Estate planning is something that many individuals put off. Few people like to contemplate death and what will happen to their assets and belongings once they pass. In many cases, individuals who die have not taken the steps necessary to devise a comprehensive estate plan. Common estate planning errors range from not having a will at all to failing to update beneficiaries. In these types situation, disputes among surviving family members and friends are common.
In order to prevent potential conflict related to inheritance disputes a parent or grandparent dies, individuals would be wise to communicate their wishes and ensure they have the proper legal documents to carry out those wishes. When contemplating estate planning matters, many individuals get caught up on the concept of trying to be fair. If a couple has three children, it's often assumed that all three children will receive assets totaling the same amount. In reality, however, such a plan often backfires and fails to take into account sentimental valuation of personal effects along with the existing wealth and abilities of grown children.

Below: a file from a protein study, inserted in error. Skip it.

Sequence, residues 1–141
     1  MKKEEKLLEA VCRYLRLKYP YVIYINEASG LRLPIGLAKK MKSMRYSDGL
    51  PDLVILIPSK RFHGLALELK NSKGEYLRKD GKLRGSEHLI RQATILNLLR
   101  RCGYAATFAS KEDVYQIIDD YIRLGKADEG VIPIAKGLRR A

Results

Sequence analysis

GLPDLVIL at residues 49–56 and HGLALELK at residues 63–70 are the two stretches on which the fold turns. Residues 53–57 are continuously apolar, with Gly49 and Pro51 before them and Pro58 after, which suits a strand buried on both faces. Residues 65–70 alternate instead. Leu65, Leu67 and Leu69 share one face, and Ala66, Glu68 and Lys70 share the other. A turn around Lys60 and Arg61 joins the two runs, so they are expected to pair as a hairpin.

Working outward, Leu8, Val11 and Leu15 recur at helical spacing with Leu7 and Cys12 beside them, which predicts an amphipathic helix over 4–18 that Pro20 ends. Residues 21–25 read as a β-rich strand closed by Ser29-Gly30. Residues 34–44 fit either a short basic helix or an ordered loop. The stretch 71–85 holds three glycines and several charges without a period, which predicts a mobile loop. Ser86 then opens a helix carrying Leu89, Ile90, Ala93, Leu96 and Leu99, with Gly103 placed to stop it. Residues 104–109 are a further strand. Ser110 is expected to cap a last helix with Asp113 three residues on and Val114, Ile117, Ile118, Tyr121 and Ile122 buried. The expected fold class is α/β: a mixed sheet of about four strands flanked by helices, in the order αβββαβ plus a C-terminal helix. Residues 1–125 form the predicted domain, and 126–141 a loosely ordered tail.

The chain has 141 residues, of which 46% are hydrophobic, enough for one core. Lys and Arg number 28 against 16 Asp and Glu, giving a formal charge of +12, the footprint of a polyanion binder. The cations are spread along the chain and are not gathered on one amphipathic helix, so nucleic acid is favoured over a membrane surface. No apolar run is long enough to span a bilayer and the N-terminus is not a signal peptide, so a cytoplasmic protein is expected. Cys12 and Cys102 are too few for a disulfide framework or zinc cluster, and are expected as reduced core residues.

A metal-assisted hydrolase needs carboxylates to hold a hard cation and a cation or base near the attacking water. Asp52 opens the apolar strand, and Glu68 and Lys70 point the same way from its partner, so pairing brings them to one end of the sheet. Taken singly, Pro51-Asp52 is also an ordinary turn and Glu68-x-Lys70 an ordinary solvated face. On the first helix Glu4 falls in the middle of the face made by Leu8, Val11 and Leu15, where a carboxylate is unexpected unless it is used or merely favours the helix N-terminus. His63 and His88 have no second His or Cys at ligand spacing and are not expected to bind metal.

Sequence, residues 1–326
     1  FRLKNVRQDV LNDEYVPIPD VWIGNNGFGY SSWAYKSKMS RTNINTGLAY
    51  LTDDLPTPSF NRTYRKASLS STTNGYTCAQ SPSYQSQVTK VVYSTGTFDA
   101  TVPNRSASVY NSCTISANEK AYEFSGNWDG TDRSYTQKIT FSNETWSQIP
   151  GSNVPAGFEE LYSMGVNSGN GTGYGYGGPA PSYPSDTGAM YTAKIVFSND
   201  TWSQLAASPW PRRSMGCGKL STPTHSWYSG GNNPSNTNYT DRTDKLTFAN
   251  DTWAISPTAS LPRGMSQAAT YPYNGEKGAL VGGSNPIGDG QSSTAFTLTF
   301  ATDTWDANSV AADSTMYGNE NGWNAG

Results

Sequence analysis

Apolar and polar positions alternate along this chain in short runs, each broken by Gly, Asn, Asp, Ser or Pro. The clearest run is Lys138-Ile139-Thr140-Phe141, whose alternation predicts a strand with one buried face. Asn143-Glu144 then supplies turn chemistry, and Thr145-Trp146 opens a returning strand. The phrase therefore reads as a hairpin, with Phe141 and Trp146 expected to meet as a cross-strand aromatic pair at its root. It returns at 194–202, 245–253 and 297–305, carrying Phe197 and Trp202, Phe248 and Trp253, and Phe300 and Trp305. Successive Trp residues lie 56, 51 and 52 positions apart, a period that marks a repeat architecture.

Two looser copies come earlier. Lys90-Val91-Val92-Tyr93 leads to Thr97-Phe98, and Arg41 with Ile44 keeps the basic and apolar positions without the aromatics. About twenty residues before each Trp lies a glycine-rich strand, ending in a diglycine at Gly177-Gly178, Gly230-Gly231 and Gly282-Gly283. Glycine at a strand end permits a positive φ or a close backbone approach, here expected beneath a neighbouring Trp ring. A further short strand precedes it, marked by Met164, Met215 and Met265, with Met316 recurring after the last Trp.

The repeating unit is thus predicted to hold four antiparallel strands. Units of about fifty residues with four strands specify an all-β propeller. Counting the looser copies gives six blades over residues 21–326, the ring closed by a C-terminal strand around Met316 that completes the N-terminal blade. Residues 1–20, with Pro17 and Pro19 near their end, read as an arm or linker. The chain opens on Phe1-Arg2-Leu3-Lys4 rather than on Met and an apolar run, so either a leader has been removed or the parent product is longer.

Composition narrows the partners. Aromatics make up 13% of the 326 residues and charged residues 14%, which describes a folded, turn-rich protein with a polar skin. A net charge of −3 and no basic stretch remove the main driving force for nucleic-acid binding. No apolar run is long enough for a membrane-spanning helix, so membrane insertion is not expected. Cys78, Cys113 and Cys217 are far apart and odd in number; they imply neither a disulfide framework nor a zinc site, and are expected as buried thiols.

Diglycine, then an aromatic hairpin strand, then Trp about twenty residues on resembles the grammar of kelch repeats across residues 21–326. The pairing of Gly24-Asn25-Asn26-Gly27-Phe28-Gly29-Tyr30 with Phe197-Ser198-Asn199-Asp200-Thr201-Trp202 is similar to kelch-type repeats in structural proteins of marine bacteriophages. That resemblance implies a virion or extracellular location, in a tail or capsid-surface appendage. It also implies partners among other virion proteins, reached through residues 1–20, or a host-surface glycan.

When possible, major decisions related to family finances and inheritance matters should be discussed with all interested parties present. Doing so allows all family members the opportunity to voice opinions and raise issues that may in turn impact who gets what and how much of it. For example, if a father of five owns a business and only two of the grown children are interested and committed to continue running the business this is important information that may impact inheritance decisions.
Unfortunately, even when families attempt to openly communicate, inheritance disputes still arise. In these cases, it's important to seek the advise of a legal professional who has experience handling matters related to estate disputes. Such disputes among family members and interested parties are often complex and wrought with conflict and raw emotions. It's important, therefore to enlist the assistance of a legal professional who can provide sound legal advice and help provide for a favorable outcome.
Source: Wealth Management, "Avoiding Family Conflicts During Estate Planning," E. Patricia Chantler and Wonsun Willey, May 15, 2013